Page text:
[it pro] Fibre broadband introduction in the UK will present cyber criminals with "a huge opportunity," a police chief has warned.
Sir Paul Stephenson, Metropolitan Police Commissioner, wrote in The Daily Telegraph that whilst next-generation connections would boost the nation's economy, gangsters would also be able to reap the rewards from improved speeds.
Stephenson also pointed to the growing problem of cyber crime in the country, suggesting criminal gangs may soon hire their own software writers to steal funds over the internet.
"There is a risk that cyber crime will become their main source of cash flow. The modern Tony Soprano-style crime lord will have a cyber expert on hand," Stephenson said.
"Like a number of other major nations, we may find ourselves victims of our technological progress."
He also called for continued support of specialist units such as the Metropolitan Police Central e-Crime Unit (PCeU).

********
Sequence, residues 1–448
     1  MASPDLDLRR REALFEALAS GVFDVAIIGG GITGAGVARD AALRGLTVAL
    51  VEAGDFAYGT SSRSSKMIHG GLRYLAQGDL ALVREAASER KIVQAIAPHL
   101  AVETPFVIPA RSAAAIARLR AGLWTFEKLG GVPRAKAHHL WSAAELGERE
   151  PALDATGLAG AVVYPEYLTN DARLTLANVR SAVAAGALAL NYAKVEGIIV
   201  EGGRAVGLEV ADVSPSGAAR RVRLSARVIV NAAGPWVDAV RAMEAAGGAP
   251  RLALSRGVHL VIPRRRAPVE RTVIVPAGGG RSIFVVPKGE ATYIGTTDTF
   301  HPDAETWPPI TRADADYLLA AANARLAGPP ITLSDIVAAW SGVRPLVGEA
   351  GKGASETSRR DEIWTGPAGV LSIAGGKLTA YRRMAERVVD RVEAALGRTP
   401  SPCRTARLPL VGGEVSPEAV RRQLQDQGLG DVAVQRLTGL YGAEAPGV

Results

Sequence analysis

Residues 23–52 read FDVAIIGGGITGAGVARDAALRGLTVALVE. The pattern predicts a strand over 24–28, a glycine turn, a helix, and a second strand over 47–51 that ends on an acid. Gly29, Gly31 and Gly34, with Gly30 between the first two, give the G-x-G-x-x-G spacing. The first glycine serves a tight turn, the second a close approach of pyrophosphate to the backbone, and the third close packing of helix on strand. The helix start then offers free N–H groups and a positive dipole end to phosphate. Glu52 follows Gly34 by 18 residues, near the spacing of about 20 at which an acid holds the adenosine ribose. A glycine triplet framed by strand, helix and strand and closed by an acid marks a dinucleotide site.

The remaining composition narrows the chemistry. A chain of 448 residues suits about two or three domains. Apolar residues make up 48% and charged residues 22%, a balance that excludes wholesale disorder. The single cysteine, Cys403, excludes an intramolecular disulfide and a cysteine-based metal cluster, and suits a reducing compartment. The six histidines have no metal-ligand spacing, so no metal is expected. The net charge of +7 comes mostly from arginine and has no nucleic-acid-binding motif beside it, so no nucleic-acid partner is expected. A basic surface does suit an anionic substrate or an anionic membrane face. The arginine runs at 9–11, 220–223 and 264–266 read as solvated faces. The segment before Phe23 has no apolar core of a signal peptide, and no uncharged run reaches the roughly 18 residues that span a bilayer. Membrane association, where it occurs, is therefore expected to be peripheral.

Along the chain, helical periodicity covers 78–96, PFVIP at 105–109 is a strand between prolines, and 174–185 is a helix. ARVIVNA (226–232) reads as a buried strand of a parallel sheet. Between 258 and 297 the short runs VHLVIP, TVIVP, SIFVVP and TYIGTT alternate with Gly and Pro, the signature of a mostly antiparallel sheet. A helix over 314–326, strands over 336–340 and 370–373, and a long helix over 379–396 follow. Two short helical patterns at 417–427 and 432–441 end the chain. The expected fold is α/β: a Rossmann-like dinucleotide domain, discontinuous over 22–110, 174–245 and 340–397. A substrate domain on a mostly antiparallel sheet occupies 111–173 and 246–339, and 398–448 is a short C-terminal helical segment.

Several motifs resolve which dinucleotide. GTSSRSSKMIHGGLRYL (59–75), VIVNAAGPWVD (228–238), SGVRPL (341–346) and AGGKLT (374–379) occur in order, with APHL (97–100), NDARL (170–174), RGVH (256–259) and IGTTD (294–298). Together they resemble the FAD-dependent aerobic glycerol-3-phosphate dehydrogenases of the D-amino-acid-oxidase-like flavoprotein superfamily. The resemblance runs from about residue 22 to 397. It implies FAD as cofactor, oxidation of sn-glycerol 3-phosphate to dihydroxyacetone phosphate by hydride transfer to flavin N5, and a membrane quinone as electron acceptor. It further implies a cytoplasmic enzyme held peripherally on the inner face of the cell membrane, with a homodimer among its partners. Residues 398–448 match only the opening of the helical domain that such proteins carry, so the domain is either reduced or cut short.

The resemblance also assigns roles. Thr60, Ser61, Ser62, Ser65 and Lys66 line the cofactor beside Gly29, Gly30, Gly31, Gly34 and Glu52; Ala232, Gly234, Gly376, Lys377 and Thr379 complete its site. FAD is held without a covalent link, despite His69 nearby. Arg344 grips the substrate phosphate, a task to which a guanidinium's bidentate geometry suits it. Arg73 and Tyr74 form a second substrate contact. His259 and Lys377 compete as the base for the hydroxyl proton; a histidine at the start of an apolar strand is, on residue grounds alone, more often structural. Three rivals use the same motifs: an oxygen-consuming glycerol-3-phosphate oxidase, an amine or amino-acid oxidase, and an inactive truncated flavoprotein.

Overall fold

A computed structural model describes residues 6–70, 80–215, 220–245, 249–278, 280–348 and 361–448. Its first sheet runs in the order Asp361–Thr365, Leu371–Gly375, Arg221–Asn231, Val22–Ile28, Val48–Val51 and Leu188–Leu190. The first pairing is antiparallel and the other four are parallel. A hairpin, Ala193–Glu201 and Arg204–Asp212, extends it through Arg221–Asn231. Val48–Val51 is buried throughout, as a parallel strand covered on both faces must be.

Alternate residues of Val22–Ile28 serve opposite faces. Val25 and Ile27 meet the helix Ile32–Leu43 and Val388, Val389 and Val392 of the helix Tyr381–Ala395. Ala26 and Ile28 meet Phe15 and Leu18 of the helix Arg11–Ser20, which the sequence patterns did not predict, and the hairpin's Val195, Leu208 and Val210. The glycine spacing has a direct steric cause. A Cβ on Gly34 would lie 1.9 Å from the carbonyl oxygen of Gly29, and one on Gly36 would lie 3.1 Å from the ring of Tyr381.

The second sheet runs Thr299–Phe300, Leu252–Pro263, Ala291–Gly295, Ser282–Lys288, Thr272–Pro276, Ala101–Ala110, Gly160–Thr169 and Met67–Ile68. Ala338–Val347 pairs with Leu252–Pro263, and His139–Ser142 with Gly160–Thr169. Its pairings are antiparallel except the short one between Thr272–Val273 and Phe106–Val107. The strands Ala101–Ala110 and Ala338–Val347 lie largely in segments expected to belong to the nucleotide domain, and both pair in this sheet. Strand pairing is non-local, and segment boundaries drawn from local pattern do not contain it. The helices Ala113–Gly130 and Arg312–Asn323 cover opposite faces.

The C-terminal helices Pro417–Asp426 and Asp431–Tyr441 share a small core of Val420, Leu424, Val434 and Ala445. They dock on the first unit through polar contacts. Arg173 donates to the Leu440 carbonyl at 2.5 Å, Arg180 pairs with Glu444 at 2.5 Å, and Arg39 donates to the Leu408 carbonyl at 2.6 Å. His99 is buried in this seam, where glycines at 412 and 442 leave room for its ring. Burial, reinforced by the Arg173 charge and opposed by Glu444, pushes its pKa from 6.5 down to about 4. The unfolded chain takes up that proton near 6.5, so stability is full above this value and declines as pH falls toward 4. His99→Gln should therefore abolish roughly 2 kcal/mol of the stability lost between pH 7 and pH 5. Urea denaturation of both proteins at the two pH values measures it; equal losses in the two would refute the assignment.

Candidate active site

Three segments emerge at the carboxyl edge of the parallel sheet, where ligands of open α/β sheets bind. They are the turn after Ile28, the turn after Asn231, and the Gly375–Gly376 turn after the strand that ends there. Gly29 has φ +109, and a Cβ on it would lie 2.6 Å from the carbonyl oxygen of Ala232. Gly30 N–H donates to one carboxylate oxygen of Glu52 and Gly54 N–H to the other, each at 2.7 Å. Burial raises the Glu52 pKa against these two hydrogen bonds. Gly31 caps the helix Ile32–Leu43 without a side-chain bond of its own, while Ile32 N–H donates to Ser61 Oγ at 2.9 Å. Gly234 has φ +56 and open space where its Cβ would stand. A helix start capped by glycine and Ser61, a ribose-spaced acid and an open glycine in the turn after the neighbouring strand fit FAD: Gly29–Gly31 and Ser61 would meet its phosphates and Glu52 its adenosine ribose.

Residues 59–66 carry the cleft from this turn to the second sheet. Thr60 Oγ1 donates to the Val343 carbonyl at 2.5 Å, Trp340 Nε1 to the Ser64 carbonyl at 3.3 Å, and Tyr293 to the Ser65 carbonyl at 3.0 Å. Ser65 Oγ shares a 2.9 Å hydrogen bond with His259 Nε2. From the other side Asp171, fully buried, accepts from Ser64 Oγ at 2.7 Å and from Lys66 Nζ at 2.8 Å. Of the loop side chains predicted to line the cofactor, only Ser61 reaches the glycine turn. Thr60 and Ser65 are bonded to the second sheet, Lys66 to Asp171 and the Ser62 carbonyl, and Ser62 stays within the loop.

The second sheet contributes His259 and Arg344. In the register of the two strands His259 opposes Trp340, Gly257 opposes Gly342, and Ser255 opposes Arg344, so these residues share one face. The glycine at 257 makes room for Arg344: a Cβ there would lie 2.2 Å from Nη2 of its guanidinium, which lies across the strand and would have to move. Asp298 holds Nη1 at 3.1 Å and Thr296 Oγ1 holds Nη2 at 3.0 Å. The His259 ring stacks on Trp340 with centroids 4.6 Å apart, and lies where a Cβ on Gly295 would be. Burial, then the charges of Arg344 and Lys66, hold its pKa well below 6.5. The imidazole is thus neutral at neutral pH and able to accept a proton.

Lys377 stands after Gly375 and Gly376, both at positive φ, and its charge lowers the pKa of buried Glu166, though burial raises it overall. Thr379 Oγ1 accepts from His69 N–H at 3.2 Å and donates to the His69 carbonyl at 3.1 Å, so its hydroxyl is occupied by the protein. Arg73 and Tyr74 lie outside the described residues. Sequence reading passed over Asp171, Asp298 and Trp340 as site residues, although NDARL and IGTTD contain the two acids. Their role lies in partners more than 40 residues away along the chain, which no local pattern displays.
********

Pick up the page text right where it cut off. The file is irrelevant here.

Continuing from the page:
"Some commentators argue that we should concentrate on uniformed policing and draw back from specialised work that could be done by others. Leave cyber crime to the banks and retailers to sort out, the argument runs," Stephenson added.
"It is a fundamentally misguided argument."
UK authorities have been working both at home and with law enforcement across the world, recently helping make arrests as part of Operation Trident Breach.
The collective effort, run in coordination with the FBI and authorities from the Netherlands and Ukraine, disrupted a cyber crime ring thought to have acquired $70 million (£44.3 million) from victims’ bank accounts.
Five arrests were made in Ukraine of suspects thought to be key players in the scheme.
PCeU officers also recently arrested 19 people in the UK suspected of using the Zeus Trojan to steal millions from bank accounts.
Met chief warns of broadband crime boost